View of Dublin port
From Mount Pelier Hill
Irish Landscape Images
Nigel Borrington 2018

The house faces to the north, looking over Dublin and the plains of Meath and Kildare, including Conolly’s primary residence at Castletown House in Celbridge. The grounds around the lodge consisted of a 1,000-acre (4.0 km2; 1.6 sq mi) deer park. The identity of the architect is unknown: the author Michael Fewer has suggested it may have been Edward Lovett Pearce (1699–1733) who was employed by Conolly to carry out works at Castletown in 1724.

There was a prehistoric burial site at the summit of Mount Pelier Hill and stones from it were used in the construction of the lodge. A nearby standing stone was also used for the lintel over the fireplace. Shortly after its completion, a great storm blew the original slate roof off. Local superstition held that this was the work of the Devil, an act of revenge for disturbing the ancient cairn. Conolly had the roof replaced with an arched stone roof constructed in a similar fashion to that of a bridge. This roof has remained intact to the present day, even though the building has been abandoned for over two centuries and despite the roof being set alight with tar barrels during the visit of Queen Victoria to Ireland in 1849. There is little evidence that the lodge was put to much use. Conolly himself died in 1729.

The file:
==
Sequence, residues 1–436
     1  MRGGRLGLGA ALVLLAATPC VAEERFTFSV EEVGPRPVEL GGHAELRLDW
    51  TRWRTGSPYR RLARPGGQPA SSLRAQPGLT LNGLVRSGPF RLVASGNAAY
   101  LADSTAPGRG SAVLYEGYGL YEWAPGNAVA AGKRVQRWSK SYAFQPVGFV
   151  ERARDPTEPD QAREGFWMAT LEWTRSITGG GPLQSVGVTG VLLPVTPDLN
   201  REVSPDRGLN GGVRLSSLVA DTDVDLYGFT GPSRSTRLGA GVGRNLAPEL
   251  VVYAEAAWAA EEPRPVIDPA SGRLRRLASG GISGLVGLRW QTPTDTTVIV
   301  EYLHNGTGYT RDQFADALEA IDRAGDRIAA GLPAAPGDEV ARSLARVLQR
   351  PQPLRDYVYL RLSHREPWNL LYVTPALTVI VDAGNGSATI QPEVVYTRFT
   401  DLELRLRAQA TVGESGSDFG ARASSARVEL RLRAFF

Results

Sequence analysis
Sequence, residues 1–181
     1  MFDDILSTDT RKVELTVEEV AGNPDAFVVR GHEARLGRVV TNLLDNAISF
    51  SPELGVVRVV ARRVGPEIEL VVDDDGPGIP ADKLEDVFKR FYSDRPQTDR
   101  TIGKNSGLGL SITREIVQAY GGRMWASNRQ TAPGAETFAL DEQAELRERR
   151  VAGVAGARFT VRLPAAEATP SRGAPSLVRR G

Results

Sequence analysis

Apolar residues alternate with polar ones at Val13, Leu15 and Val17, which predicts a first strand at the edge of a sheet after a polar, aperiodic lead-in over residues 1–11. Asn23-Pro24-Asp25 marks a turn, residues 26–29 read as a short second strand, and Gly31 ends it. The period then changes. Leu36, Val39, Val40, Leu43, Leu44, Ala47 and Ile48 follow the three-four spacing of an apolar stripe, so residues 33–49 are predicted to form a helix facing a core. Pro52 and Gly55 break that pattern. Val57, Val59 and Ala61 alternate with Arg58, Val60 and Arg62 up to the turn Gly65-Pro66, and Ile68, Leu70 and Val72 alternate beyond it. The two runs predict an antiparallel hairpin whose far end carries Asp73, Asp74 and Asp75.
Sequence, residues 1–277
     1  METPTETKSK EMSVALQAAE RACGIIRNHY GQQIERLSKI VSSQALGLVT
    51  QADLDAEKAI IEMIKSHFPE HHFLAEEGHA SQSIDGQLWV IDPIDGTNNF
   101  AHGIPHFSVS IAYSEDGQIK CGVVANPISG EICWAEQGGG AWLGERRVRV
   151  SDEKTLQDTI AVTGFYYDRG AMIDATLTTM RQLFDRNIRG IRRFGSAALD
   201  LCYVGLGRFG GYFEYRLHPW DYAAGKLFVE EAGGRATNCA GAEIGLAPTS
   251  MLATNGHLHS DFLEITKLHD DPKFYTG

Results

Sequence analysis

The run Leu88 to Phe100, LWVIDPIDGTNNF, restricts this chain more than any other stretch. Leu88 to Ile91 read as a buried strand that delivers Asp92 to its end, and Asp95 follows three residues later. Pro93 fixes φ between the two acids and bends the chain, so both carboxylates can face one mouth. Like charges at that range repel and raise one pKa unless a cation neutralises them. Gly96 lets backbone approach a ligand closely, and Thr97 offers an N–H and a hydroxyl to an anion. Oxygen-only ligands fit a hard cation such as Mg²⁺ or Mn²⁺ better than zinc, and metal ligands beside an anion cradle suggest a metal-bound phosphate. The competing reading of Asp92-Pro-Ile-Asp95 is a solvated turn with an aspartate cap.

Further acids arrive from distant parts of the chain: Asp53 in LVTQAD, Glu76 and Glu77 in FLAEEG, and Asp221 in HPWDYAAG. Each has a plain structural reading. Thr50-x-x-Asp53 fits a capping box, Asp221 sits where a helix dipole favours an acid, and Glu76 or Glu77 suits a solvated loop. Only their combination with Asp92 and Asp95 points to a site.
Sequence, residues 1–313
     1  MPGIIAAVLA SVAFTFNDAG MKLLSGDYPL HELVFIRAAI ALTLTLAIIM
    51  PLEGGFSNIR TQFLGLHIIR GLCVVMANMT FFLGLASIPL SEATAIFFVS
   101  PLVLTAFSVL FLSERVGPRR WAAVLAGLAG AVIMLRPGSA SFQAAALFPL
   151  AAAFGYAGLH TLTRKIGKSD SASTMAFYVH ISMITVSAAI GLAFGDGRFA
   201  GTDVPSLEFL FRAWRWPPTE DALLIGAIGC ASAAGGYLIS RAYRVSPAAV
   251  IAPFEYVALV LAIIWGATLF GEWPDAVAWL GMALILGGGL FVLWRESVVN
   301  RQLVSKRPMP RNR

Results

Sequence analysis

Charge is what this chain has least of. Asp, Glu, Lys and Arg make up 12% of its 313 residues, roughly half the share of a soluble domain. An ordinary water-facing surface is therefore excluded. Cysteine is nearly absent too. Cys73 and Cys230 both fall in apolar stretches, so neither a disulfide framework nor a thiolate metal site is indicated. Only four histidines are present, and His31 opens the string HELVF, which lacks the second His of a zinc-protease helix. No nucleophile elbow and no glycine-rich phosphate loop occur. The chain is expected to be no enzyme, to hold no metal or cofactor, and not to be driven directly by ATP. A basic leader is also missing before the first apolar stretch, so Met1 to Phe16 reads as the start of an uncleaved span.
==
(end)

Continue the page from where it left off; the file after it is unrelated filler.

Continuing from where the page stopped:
Eva Cassidy – Who Knows Where The Time Goes ?

Can you believe it ? it is already the end of January and the afternoons here are already feeling longer, its about 6pm before its dark on a good day.

Goodbye January ! Hello February ……

Eva Cassidy – Who Knows Where The Time Goes ?

Across the evening sky,all the birds are leaving
Oh but then you know, it was time for them to go
By the winter fire, I will still be dreaming
I do not count the time
for who knows where the time goes?
Who knows where the time goes?
Sad,deserted shore
your fickle friends are leaving
oh, but then you know it was time for them to go
But I will still be here